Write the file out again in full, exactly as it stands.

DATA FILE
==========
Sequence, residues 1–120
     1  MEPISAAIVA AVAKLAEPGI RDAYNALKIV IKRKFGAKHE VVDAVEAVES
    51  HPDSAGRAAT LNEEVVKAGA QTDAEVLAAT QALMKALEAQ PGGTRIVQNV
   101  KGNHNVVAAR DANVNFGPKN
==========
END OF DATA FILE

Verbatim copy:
Sequence, residues 1–120
     1  MEPISAAIVA AVAKLAEPGI RDAYNALKIV IKRKFGAKHE VVDAVEAVES
    51  HPDSAGRAAT LNEEVVKAGA QTDAEVLAAT QALMKALEAQ PGGTRIVQNV
   101  KGNHNVVAAR DANVNFGPKN